Concept reduction

The concept reduction session is typically a two-hour session divided into three intervals. The concept reduction session is the second stage in the ideate process. The concept reduction session starts with concepts from the ideation session. Often there are more than ten concepts or ways of envisioning the leader’s vision, and this is too many. The reality is only a few concepts can go through to the next design thinking phase. To help the team with the process we ask the leaders to tell us how many concepts they are committed to taking further towards envisioning their vision. Three is a typical number. Sometimes it is one and sometimes it is as many as five concepts. Generally, time and money constrain how many concepts move forward towards the leader’s vision.


What are the three steps in concept reduction?

There are three steps to the concept reduction process session. The steps are:

1. the theming step

2. the unique identifier step, and

3. the rate and rank step.

After completing all three steps in the concept reduction session we end up with the number of concepts the leader specified. if the leader specified 3 concepts then we end up with three concepts.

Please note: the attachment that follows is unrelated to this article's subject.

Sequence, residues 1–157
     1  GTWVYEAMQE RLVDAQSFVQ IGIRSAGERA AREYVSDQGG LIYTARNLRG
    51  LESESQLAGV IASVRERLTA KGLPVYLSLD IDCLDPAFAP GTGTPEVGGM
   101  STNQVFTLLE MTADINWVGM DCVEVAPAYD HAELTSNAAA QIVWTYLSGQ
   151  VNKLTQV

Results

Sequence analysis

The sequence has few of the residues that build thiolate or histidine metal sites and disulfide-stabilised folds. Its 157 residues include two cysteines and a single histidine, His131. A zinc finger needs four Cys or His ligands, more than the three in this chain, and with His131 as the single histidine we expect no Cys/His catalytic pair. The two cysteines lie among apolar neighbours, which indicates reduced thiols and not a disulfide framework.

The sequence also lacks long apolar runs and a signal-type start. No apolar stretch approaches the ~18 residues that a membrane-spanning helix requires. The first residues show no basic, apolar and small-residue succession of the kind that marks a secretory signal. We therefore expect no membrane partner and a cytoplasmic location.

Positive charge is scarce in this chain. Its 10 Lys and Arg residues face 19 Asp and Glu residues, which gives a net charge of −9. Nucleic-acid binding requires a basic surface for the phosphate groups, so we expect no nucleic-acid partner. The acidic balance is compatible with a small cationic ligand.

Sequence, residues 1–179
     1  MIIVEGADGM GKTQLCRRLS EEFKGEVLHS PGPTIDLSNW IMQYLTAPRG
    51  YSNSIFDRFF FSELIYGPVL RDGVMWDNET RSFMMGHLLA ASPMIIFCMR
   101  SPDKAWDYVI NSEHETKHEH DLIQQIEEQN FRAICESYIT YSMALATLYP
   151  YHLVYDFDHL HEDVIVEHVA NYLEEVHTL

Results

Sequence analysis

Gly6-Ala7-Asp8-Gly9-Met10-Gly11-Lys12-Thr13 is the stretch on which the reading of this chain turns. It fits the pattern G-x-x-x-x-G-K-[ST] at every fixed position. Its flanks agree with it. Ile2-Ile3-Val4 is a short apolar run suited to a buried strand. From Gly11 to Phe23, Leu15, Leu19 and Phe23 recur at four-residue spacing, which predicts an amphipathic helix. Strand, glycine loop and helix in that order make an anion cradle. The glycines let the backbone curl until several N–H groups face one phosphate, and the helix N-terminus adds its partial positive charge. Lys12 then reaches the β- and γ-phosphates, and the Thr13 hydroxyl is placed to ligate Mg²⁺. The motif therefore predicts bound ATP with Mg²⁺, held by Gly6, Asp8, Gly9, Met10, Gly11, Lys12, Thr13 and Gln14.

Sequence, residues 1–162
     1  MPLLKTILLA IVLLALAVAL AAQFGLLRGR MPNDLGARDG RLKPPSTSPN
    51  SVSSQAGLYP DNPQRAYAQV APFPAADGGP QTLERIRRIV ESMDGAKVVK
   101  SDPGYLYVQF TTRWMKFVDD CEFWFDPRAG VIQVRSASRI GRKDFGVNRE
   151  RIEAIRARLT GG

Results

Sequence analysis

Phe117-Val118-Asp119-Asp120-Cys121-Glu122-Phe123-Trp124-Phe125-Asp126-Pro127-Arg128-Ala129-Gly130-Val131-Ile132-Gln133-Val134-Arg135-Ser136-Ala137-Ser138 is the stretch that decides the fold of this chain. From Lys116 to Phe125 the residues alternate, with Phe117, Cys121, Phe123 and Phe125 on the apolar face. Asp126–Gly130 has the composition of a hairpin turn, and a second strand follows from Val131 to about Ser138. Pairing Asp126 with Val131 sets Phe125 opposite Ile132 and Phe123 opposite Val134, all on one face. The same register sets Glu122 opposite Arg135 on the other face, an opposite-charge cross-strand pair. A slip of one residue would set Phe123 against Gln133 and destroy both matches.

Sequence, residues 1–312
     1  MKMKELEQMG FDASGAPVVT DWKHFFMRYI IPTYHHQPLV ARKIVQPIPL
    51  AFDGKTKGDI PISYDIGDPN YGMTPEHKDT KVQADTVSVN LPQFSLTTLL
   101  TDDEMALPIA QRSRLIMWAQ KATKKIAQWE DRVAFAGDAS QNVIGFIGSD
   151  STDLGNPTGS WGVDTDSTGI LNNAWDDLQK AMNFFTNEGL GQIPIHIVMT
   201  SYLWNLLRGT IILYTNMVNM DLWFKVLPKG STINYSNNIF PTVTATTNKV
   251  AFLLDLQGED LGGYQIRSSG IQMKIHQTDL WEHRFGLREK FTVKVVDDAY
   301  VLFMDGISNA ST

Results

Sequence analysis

This is where the concept reduction session ends. With ideate complete the leader and the team can move forward with their vision and start the process of developing prototypes for each of the concepts.


Do you want to learn how to ideate?

If you want to learn more about how to ideate. You might want to sign up for our course on moving ideas to action. The ideas to action course will give you the basics on how to ideate. In the course we run through three of ideate tools, the wall of ideas, the table of ideas and the action matrix of ideas. We also show you step-by-step how to reduce the concepts created from these design thinking tools into three concepts that you can move forward with towards envisioning your vision.